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Faced with shrinking cereal sales, General Mills is doing something it hasn't done for 15 years — launch a new cereal brand.
"It looks like a big bet on a small idea," Tammy Katz, CEO of Katz Marketing Solutions in Ohio, told CNBC.
General Mills announced the new cereal this week.
Tiny Toast, a toast-shaped cereal with bits of blueberries and strawberries sprinkled on top, is the company's attempt to revitalize an industry that has declined an average of 3 percent per year for the last three years, according to Nielsen data.
In 2012, Americans bought $9.6 billion worth of cereal, however sales have dropped to $8.75 billion since.
Consumers' focus is currently directed at mobile eating and high protein and high fiber diets, according to Katz. Americans have been swapping their cereal in favor of protein bars and breakfast sandwiches they can eat on the go.
She suggested Tiny Toast, which is free of artificial colors and flavors like much of the company's cereal line, misses the mark on what customers want.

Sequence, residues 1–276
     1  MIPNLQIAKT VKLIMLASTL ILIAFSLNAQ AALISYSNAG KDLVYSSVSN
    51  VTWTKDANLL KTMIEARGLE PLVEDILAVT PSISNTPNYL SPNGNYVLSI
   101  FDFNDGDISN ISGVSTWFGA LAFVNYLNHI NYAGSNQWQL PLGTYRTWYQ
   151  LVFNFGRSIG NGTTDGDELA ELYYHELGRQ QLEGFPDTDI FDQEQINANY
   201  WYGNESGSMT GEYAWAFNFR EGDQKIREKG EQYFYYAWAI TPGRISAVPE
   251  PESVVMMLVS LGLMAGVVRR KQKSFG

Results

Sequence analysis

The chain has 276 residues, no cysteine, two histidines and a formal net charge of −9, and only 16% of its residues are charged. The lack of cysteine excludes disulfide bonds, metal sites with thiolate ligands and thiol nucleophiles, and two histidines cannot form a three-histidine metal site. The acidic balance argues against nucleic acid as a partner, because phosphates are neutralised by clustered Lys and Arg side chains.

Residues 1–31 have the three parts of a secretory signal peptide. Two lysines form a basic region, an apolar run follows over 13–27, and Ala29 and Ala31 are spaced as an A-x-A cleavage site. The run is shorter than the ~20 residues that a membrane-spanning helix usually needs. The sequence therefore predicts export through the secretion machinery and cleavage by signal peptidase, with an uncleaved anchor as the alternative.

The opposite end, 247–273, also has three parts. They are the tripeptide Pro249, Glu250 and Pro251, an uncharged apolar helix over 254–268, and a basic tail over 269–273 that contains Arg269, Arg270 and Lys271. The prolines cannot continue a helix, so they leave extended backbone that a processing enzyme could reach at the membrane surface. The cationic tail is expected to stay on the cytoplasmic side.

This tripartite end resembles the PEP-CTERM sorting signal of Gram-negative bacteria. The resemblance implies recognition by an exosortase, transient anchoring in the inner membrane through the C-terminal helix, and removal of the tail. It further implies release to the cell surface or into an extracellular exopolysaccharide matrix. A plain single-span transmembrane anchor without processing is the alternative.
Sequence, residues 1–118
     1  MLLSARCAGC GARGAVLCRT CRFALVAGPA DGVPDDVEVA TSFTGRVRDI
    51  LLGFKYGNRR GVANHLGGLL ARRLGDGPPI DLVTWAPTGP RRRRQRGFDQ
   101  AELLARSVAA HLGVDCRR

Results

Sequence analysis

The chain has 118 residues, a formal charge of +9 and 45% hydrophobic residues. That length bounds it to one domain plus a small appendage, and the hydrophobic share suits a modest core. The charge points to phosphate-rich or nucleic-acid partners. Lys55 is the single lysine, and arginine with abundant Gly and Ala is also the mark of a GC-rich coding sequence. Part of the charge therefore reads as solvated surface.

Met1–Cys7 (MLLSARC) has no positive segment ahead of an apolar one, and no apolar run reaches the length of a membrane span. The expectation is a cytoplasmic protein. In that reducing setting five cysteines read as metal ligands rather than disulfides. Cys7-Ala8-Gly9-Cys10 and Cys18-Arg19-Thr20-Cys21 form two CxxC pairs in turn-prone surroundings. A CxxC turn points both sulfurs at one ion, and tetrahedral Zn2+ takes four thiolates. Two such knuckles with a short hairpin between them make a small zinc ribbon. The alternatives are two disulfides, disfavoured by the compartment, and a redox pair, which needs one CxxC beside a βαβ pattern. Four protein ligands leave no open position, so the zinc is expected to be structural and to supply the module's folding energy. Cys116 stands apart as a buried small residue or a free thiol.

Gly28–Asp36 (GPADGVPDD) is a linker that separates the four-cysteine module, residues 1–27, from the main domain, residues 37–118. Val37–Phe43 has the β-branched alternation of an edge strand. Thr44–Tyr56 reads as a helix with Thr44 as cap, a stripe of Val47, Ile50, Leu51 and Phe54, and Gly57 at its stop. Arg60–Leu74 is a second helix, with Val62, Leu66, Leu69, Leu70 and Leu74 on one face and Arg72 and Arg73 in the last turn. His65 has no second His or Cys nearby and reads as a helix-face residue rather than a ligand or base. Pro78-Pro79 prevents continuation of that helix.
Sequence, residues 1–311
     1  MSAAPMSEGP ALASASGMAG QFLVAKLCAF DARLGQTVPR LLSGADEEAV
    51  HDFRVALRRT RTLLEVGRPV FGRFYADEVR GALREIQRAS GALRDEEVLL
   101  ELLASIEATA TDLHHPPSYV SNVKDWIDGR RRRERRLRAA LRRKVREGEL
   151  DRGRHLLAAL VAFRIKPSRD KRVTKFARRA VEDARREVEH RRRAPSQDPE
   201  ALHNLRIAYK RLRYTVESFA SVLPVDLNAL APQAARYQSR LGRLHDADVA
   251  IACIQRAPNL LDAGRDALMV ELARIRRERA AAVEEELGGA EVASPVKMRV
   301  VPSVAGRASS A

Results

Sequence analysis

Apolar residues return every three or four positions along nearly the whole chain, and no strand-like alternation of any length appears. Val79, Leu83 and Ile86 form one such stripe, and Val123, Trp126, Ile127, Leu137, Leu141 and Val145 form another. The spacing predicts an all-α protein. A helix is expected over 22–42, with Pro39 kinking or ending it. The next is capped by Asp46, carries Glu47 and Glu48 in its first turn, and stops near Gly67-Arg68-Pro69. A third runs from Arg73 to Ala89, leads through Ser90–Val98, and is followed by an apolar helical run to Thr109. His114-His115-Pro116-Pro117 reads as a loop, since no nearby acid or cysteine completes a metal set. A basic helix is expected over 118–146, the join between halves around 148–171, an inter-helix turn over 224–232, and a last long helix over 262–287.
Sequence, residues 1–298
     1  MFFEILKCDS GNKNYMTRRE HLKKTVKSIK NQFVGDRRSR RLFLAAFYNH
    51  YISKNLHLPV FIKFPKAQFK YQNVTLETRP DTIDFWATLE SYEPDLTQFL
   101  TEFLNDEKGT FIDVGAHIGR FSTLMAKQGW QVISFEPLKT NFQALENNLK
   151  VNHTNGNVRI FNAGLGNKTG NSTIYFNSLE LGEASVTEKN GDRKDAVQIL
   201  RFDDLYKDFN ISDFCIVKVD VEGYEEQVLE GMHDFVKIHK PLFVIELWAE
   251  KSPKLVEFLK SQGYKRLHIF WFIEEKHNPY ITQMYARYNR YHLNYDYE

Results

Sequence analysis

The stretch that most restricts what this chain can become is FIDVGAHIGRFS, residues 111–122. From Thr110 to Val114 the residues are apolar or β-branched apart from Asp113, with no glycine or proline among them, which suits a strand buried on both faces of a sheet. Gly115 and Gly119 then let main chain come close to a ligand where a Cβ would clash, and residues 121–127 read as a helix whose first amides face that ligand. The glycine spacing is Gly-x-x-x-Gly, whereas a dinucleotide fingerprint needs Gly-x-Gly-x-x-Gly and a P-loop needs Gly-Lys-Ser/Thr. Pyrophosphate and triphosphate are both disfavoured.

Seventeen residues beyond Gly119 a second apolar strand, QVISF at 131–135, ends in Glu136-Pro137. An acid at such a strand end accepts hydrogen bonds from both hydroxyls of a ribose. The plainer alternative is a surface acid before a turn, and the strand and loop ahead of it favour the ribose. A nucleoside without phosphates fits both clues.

"It's really surprising because General Mills is usually fantastic on innovation — they do all their homework on consumers — and identifying consumer needs, and this isn't one of them," she said.
The lack of innovation may make it difficult for the new brand to compete in a crowded category.
Tiny Toast is reminiscent in appearance of Cinnamon French Toast Crunch, but the brand brings a fruity taste to General Mills' line up.
Ken Harris, managing partner at Cadent Consulting Group, said the brand, which currently has two flavors, could easily be adapted to suit other palates and could pave the way as a new model for General Mills' current selection of cereals.
"If this really takes off, if consumers really fall in love with the product, they [General Mills] are going to look like geniuses," Harris told CNBC.
But innovating in the cereal category can be hit or miss. General Mills' last big success with a new cereal brand was Reese's Puffs, which was launched in 1994. However, Harmony, which was aimed largely at women, disappeared only two years after its 2001 launch.